• Lighting or string lights with frayed wiring or broken sockets can be enough to turn your tree into a fireball faster than it takes to call the fire department. Avoid using electrical decorations/lights and get more creative with your ornaments.


    • homeowners insuranceBuy a fresh tree that is too hydrated to catch fire. Ideally, you’ll water it every day to keep it fresh and impossible to ignite. After a month, it will be a dry tree, no matter how much water you give it, so take down the decorations and throw the tree away.
    • If you buy an artificial tree, make sure it is flame-retardant. Even still, avoid using electrical ornaments and choose LED string lights over other types.
    • Always turn off electrical decorations and string lights before leaving your home or going to sleep.

    Outdoor Decorative Lights

    We all love driving by a house with a spectacular Christmas light display. In fact, Christmas light displays become more competitive each year as neighbors try to out-do one another. While we want to encourage your holiday spirit, we also want to make sure you’re being safe. There are many ways you can have the best Christmas light display while still ensuring your fixtures, plugs and wires are safe first. You don’t want to have to make a Homeowners Insurance claim because of junky string light wiring.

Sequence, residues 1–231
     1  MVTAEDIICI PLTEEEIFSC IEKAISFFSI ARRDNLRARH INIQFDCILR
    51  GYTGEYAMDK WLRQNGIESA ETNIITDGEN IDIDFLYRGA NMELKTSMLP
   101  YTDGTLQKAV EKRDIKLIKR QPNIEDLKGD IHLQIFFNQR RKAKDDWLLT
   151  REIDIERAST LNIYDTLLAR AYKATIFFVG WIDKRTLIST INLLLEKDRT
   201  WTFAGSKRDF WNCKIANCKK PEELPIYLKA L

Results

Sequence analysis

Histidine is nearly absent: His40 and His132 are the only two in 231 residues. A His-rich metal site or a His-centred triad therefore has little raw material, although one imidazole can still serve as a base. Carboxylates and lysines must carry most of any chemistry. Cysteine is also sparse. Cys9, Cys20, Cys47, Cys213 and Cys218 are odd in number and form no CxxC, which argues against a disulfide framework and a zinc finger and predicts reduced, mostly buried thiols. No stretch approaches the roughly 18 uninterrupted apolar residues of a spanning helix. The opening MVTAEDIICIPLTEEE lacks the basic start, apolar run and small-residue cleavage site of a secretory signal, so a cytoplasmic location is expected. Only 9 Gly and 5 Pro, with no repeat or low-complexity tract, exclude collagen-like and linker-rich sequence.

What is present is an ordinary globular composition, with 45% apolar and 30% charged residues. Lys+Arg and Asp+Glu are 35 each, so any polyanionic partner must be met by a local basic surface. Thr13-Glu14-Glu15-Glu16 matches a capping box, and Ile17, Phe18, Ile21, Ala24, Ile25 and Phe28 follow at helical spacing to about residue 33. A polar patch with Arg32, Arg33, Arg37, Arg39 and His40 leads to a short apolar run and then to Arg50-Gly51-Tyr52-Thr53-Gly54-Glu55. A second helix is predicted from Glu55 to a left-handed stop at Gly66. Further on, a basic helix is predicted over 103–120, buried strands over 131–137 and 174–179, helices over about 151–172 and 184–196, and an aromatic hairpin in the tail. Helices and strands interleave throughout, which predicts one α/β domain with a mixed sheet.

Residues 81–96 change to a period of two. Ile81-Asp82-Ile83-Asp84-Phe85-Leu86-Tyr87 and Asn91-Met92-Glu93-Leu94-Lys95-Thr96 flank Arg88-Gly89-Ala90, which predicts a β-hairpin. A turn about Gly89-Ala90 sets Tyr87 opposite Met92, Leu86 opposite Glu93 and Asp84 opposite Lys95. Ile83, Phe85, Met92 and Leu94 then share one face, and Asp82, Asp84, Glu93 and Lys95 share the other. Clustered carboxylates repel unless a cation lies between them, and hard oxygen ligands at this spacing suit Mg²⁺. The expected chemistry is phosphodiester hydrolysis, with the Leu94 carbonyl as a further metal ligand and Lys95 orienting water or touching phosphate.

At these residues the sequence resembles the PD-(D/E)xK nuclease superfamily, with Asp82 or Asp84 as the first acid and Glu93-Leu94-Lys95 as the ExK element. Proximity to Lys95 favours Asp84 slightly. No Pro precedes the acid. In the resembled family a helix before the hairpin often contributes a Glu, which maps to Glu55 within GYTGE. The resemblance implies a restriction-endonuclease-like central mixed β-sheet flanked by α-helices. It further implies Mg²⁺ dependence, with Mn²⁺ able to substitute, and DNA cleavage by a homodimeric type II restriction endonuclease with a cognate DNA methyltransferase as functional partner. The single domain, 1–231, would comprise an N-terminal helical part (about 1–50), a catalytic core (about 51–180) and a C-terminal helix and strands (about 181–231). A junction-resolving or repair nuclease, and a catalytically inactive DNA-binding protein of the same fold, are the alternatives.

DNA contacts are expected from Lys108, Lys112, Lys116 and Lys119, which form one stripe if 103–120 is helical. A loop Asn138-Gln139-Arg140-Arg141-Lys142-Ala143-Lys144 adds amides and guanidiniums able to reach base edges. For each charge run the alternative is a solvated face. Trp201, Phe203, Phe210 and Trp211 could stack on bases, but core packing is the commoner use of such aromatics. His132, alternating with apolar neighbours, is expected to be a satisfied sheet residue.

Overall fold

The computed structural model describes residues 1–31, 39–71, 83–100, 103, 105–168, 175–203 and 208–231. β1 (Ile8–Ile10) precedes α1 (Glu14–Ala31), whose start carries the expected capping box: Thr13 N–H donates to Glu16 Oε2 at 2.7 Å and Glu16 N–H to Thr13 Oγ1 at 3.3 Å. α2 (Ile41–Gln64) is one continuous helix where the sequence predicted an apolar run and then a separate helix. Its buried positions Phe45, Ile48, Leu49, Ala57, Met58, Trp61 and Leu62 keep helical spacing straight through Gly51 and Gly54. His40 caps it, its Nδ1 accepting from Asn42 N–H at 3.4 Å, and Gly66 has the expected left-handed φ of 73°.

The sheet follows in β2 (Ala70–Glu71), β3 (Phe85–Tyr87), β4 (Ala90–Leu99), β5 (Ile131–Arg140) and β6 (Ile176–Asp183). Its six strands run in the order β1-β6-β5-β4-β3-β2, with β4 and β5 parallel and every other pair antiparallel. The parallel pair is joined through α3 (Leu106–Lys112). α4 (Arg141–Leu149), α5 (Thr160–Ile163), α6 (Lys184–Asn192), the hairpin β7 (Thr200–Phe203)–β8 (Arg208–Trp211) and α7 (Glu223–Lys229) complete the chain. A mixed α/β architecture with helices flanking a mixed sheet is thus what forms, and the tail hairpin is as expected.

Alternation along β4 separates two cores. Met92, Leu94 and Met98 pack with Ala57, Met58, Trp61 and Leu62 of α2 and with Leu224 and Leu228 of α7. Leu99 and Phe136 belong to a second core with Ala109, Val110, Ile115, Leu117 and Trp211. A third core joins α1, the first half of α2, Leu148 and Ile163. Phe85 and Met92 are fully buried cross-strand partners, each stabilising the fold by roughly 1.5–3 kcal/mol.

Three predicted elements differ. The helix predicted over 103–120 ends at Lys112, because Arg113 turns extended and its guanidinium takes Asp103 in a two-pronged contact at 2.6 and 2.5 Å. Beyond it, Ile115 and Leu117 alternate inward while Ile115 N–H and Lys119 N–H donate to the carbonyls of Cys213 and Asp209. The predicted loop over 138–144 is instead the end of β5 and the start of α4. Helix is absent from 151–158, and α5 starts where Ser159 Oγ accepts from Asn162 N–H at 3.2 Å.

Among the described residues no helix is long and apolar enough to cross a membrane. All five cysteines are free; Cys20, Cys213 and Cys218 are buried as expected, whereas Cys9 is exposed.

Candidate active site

• Inspect all the string lights you plan to hang outside. Make sure there are no frayed wires or cracked/broken sockets.
    • Only use extension cords and decorations meant for outdoor use. If they’re made to be outdoors, that means water shouldn’t cause any short-circuiting.
    • Make sure you only buy decorations that you can power electrically. Match the power needed by your electrical decorations with the amperage rating of your extension cords. Otherwise, they can overheat and cause a fire.
    • Turn off electrical decorations before leaving home or going to sleep.


    • Don’t string more than three strings of lights together, and make sure extension cords are working properly and are not damaged.
    • Don’t leave lights hanging outside all-year round. Take them down within a couple of months after the holidays to prevent damage from the elements and wildlife. It only takes one small problem in the wiring to create a spark that leads to a fire.


    A great place for family and friends to gather is around the fireplace. During the holidays, it’s a great feeling to snuggle next to a warm fireplace with a mug full of hot cocoa. However, like any fire in your home, a lit fireplace can be very dangerous.